NUZ: Homophobia on Facebook and the Politics of Parking

Take Back Santa Cruz users criticize Assemblymember Scott Wiener over new LGBT bill

Homophobia doesn’t always look like homophobia at first blush.

Sometimes, though, you don’t need to scratch far beneath the surface to see the flaming embers of bigotry. Outright misinformation and stubborn refusals to think critically often fuse together like buried coals, simmering away under an abandoned fire pit.

That’s what happened on Wednesday, Jan. 23, when a photo flashed across Take Back Santa Cruz’s Facebook page showing state Senator Scott Wiener (D-San Francisco) in a skimpy black leather vest to match a black leather tie and skinny black jeans—none of which had much to do with the true content of the rambling post itself.

The inflammatory post, shared from a California home schooling advocate’s personal page, noted that Wiener recently authored some legislation known as Senate Bill 145. Particular cause for alarm, at least in Santa Cruz’s public safety-oriented crowd, was the fact that the bill’s own language offers certain sex offenders “relief” from registering under Megan’s Law. The post quickly garnered 35 reactions and more than 30 comments.

“Un-freaking-believable” the first commenter wrote.

“DISGUSTING!” wrote another.

Wiener is gay, and his outfit in the posted picture—worn at the 2016 Up Your Alley Fair in San Francisco—did not go over well with the Take Back crowd. The horrifying implication was that Weiner authored the bill to ease sex crime laws and take advantage of young boys, as if he were trying to build some bizarre, real-life Pizzagate cabal from the ground up. (Spoiler alert: He isn’t.)

“Wow, Wiener is a sicko!” one Facebooker wrote. Others made less-than-clever remarks about the names of Wiener and S.B. 145 co-author, Assemblymember Susan Eggman (D-Stockton).

The truth about the bill is that it extends protections to certain gay couples in consensual relationships, which their straight counterparts have had for years. A few users did try to point this out in the comments. Some public safety advocates, meanwhile, called for wider-ranging reforms to an entire system that they generally view as too lenient to start with. But for the most part, those voices got drowned out in the bigger, angrier comment mob before Take Bake administrators froze the comments and then subsequently removed the post altogether.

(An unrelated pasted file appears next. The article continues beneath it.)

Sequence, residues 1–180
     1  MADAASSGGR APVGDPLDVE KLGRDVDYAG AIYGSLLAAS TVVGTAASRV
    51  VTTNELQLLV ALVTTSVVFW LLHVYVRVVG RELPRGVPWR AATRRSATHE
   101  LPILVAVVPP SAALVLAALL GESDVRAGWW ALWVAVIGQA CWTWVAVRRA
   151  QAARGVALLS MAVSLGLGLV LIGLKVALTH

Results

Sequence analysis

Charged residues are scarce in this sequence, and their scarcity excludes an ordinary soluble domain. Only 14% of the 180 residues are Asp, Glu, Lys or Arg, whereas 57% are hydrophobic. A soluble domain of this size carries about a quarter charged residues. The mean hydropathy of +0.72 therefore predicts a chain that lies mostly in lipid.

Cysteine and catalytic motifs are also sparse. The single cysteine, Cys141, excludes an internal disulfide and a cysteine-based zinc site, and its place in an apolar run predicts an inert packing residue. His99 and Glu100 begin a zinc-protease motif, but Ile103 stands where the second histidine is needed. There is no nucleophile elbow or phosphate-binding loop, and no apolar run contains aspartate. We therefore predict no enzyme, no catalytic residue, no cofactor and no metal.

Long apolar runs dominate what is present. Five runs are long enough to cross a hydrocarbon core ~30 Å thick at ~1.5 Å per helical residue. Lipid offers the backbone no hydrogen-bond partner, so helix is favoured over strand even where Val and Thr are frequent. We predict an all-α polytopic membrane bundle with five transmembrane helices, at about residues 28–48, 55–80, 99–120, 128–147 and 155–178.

Most of the Facebooking wingnuts probably never realized that Wiener is, in fact, drafting nothing more than a common-sense piece of civil rights legislation. The fact that it was totally lost on them is kinda the point here.

If nothing else, the short-lived, dumb saga is a reminder that when people are too lazy to do their homeworkbefore typing up an angry comment, they can create an ugly mess, leaving administrators no choice but to go back and put out the whole stupid fire.


Starting Friday, Feb. 1, we’ll be adding an extra step to our pre-errand routine before every trip we take driving into downtown Santa Cruz.

That’s right, you’ll find us sifting under the couch cushions for loose quarters. Or asking for spare change at the nearest gas station.

That’s because the city is upping the rates for hourly parking, monthly parking permits and most metered spots. It will also start phasing out parking deficiency fees. Hourly lot rates are doubling from 50 cents an hour to $1.

To make sense of the changes, here’s a short list of folks who might actually support these changing parking rates:

  1. The businesses who’ve been whining about burdensome deficiency fees for years, probably since the days of the horseless carriage
  2. Environmentalists, who oppose plans for a brand new combined library and parking the structure on Cedar Street
  3. Also, if you can believe it, many supporters of said parking structure.

That may all sound confusing and contradictory. Supporters and opponents of a development agreeing on a financing structure?

Here’s the thing: If the garage gets built, it will need funding, which is partly why the city is re-structuring these rates. Many environmentalists, meanwhile, will back any disincentive to nudge commuters and shoppers away from driving—especially when it’s such a beautiful day for a bike ride! And hey, the bus isn’t bad, either. (Activists are leaping for joy at the thought of Santa Cruz maybe implementing a robust alternative transportation program, including bus passes for downtown employees.) Not only that, but the anti-garage crowd is betting that steeper rates will cause demand for parking to drop, cutting out the need for a structure in the first place.

Ah, sweet compromise—when foes can agrees on the details of a would-be controversial plan, albeit for bizarre (and pretty much 100 percent opposing) reasons.

But before we close the book on this topic… here’s a short list of folks who will be pissed about the climbing parking rates, which are just gonna keep going up: everyone else.

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